|Director: Christian Alvart |
|Screenplay: Travis Milloy (story by Travis Milloy and Christian Alvart)|
|Stars: Dennis Quaid (Payton), Ben Foster (Bower), Cam Gigandet (Gallo), Antje Traue (Nadia), Cung Le (Manh), Eddie Rouse (Leland), Norman Reedus (Shepard), André Hennicke (Hunter Leader), Friederike Kempter (Evalon), Niels-Bruno Schmidt (Insane Officer “Eden”), Jonah Mohmand (Childhunter), Delphine Chuillot (Young Bower's Mother), Wotan Wilke Möhring (Young Bower's Father) Julian Rappe (Young Bower)|
|MPAA Rating: R|
|Year of Release: 2009 |
|Country: U.S. / Germany|
|Pandorum, which takes place entirely aboard what appears to be a deserted deep-space cruiser, marks the English-language debut of German director Christian Alvart, an autodidact who spun his love of cinema first into a career in fanzine publishing and then into making his own films, including the low-budget thriller Curiosity & the Cat (1999) and the well-received serial-killer psychodrama Antikörper (2005). Not having seen his previous films, I cannot compare them to Pandorum, but I have a sneaking suspicion that the style of the film has been heavily influenced by producer Paul W.S. Anderson, whose affection for hyperkinetic overkill in such films as Resident Evil (2002) and Death Race (2008)--if you can’t make it good, make it fast--appears to have provided Pandorum’s basic template, at least where action is concerned. Additionally, Pandorum is quite reminiscent of Anderson’s return-from-hell spaceship chiller Event Horizon (1997), especially the way in which the film uses dimly lit, clanking metallic hallways and cavernous spaces as a sci-fi twist on old haunted house tropes.|
The story begins with a pair of men waking from deep hypersleep with no memory of what their mission was, how far their ship gone, or even where they are (not to mention what happened to the thousands of other people who should be on the ship with them). In essence, they are waking into a nightmare, rather than from one. The first to regain consciousness is Bower (Ben Foster), a mechanical engineer who has vague memories of a beautiful wife who he believes is also on board somewhere. Next to awaken is his commanding officer, Payton (Dennis Quaid), who is unfortunately just as befuddled and frightened as he is. Bower sets off to explore the ship and try to jump-start its fading reactor while Payton keeps tabs on him from a control room while trying to figure out how to get onto the bridge, which is locked from the inside and may hold the answers to their questions. Bower eventually discovers other crew members who have awoken some time before he did, including Nadia (Antje Traue), a fiercely defensive woman; Manh (world champion martial artist Cung Le), who speaks no English but has impressive strength and fighting skills; and finally Leland (Eddie Rouse), who has been awake the longest and may be the worse for it.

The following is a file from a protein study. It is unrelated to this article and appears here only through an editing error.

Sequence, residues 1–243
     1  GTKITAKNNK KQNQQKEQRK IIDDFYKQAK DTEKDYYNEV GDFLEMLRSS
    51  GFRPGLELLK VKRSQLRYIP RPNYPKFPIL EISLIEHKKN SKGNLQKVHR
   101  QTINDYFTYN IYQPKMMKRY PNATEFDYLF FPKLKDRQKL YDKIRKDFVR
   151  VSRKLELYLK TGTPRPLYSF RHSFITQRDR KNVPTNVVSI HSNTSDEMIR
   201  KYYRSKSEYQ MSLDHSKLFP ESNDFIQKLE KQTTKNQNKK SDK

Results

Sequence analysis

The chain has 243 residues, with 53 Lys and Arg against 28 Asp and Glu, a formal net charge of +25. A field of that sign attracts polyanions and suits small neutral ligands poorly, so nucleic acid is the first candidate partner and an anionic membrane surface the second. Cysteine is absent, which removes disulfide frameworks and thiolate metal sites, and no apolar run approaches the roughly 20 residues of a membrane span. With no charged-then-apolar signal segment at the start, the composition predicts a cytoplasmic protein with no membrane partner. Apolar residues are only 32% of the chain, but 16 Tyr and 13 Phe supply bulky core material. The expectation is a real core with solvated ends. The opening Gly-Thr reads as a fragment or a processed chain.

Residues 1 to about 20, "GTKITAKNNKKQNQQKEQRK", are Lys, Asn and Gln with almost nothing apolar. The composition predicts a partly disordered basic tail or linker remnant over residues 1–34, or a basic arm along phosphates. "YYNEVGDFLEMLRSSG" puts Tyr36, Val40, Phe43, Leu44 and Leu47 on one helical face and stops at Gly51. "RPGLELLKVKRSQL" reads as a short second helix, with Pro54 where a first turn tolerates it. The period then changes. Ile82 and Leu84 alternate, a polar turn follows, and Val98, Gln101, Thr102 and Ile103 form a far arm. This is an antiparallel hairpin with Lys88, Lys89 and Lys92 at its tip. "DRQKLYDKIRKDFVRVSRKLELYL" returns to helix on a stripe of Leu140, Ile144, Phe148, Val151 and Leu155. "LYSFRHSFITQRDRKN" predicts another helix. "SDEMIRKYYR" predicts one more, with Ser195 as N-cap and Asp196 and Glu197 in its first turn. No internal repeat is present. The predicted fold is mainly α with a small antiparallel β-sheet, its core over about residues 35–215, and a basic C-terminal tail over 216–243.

Screenwriter Travis Milloy allows the answers to the film’s central mysteries to unfold slowly and methodically, and in this regard Pandorum is a surprisingly effective mystery-thriller that keeps you engaged right into the climactic moments, which start piling on the revelations one after the other. However, the mystery also involves the eventual discovery of a race of screeching, mutated, cannibalistic humanoids that look and sound like the subterranean creatures from Neil Marshall’s The Descent (2005), but appear to have taken fashion notes from the postapocalyptic warriors of the Mad Max series. Thus, much of the film is simply a game of cat-and-mouse as the rag-tag group of survivors work their way through the gargantuan ship trying to avoid the hoards of rampaging humanoids, although we do cut back regularly to Payton, who is engaged in a power struggle with another survivor named Gallo (Cam Gigandet) who thinks they should abandon ship rather than try to save it.
The title of the film refers to a psychological disorder caused by deep-space travel that is akin to the paranoia and mental disorder caused by high-pressure nervous syndrome, thus we know that at least one of the characters must be suffering from it at some point, and it is only a matter of time before we figure out who it is. To the filmmakers’ credit, they keep it successfully hidden for a good stretch of the narrative, which effectively merges the physical horrors of the cross-spaceship journey with the psychological horrors of hallucination and madness.
And, when Alvart sticks to the mystery portions of the story, Pandorum is an eerily effective mixture of ecological science fiction and horror, especially once the purpose of the mission is revealed. Unfortunately, the film is constantly undercut by the perfunctory use of the cannibalistic humanoids (although a sequence in which Bowers finds himself stuck in a room full of them sleeping is quite creepy) and the jackhammer editing of the chases and fights, which renders them virtually incomprehensible. It also doesn’t help that Cung Le’s character is such an obvious sop to the choreographed-fight-loving crowd, especially since his presence requires that the humanoids also be adept at martial arts to keep the fights interesting (I guess we are supposed to believe that there happened to be a lot of black belts onboard the ship when it left). Alvart shows a deft touch when developing suspense and he knows the value of a good shock moment, but he allows too much of the film to devolve into hectic action sequences that makes you feel like someone suddenly dropped you into a blender and turned out all the lights.
Copyright ©2009 James Kendrick
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